JAMES A. LATIOLAIS, Plaintiff - Appellee
HUNTINGTON INGALLS, INCORPORATED, formerly known as Northrop Grumman Shipbuilding, Incorporated, formerly known as Northrop Grumman Ship Systems, Incorporated, formerly known as Avondale Industries, Incorporated, Defendant-Appellant
from the United States District Court for the Eastern
District of Louisiana
JONES, HAYNES, and OLDHAM, Circuit Judges.
H. JONES, Circuit Judge.
several actions before it, this case involves a Plaintiff who
was exposed to asbestos at the Avondale shipyard and
eventually contracted mesothelioma. The Defendant removed the
case to federal court pursuant to 28 U.S.C. §
1442(a)(1), the "federal officer removal statute,"
but the district court remanded to state court. Constrained
by a welter of conflicting precedent, we must affirm.
the 1960s and 1970s, the United States Navy contracted with
the Defendant Avondale to build and refurbish naval vessels. Most
of the contracts in the 1960s required asbestos for thermal
insulation. According to Avondale's expert, a marine
engineer and naval historian, the contracts obligated
Avondale "to comply with government plans and
specifications, and the federal government had the right to
and did exercise supervision over the process to ensure such
compliance." Importantly, however, a Navy ship inspector
who worked at Avondale during the 1960s testified that he and
his colleagues "neither monitored nor enforced safety
regulations" and "on the job safety during the
construction of vessels for the United States government was
the responsibility of Avondale Shipyards' safety
Plaintiff, James Latiolais, formerly a machinist aboard the
USS TAPPAHANNOCK, was exposed to asbestos while his
ship underwent refurbishing at Avondale for several months.
During the refurbishing process, Latiolais spent most of each
day on the ship. In 2017, Latiolais was diagnosed with
mesothelioma. He died in October, 2017.
sued Avondale in Louisiana state court for causing him to
contract mesothelioma. He asserts, inter alia, that
Avondale negligently failed to warn him about asbestos
hazards and failed to provide adequate safety equipment. He
did not allege strict liability claims against Avondale.
removed the case to federal court under 28 U.S.C. §
1442(a)(1). Latiolais sought remand, however, and the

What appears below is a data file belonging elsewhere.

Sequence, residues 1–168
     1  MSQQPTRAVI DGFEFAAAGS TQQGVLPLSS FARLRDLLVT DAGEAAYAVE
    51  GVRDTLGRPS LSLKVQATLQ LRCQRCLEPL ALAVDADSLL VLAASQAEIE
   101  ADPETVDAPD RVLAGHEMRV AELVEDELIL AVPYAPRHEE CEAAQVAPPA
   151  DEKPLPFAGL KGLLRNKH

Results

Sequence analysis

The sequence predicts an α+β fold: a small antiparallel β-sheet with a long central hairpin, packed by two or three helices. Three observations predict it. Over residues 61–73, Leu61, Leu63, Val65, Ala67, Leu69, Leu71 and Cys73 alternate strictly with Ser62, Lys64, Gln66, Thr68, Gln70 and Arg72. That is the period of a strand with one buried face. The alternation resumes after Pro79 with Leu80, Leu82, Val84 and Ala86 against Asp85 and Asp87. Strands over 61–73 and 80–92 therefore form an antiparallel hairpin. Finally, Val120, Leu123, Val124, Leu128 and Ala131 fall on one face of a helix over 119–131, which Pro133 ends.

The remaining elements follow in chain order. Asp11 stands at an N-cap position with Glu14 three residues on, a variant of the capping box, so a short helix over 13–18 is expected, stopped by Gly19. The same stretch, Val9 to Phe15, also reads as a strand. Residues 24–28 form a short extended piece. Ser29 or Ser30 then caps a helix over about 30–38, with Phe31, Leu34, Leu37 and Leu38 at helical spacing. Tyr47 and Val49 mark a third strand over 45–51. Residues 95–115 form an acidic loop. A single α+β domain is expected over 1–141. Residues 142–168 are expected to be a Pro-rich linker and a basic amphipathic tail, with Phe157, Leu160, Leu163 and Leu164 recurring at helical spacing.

district court granted the motion. It ruled in relevant part
that because Avondale had not met the "causal
nexus" requirement for officer removal, i.e.
had not shown that the United States or any of its officials
exercised any control over Avondale's safety practices,
removal under this statute was improper. Avondale timely
an order remanding a case to state court is not generally
reviewable, "an order remanding a case to the State
court from which it was removed pursuant to section 1442 or
1443 of this title shall be reviewable by appeal or
otherwise." 28 U.S.C. § 1447(d). "We review
the district court's remand order de novo without a thumb
on the remand side of the scale." Legendre v.
Huntington Ingalls, Inc., 885 F.3d 398, 400 (5th Cir.
2018) (quotation marks omitted).
appeal, Avondale makes three arguments as to why officer
removal is proper. First, as amended in 2011, the removal
statute now requires only that a federal directive
"relates to"-but not necessarily has a causal
relationship to-the Plaintiffs' injuries. Second,
Avondale asserts that it has satisfied the causal nexus
requirement by showing "that its relationship with Mr.
Latiolais derived solely from its work for the federal
government." Third, Avondale seeks to avoid precedents
of this court contrary to the foregoing propositions.
Unfortunately, the failure of the third argument dooms the
The "relating to" language
federal officer removal statute was amended in 2011 to
broaden the basis for removal to federal court of claims
brought against officers or agents of the federal government
and those working under its direction. Thus, the statute
states that an action filed in state court may be removed to
federal court by: "[t]he United States or any agency
thereof or any officer (or any person acting under that
officer) of the United States or of any agency thereof, in an
official or individual capacity, for or relating to
any act under color of such office." 28 U.S.C. §
1442(a)(1) (emphasis added).
Supreme Court has observed more than once that when the term
"relating to" appears in a statute, it implies
broad and comprehensive coverage. See, e.g., Morales v.
Grans World Airlines, Inc.,504 U.S. 374, 383, 112 S.Ct.
2031, 2037 (1992) ("The ordinary meaning of these words
is a broad one-'to stand in some relation; to have
bearing or concern; to pertain; refer; to bring into
association with or connection with.'") (quoting
BLACK's LAW DICT. 1158 (5th ed. 1979));
see also Shaw v. Delta Air Lines, Inc.,463 U.S. 85,
96-98, 103 S.Ct. 2890, 2899-2900 (1983). From the text alone,
enhanced by the Supreme Court's understanding of its
language, Avondale's argument has considerable appeal.
Avondale's work, ...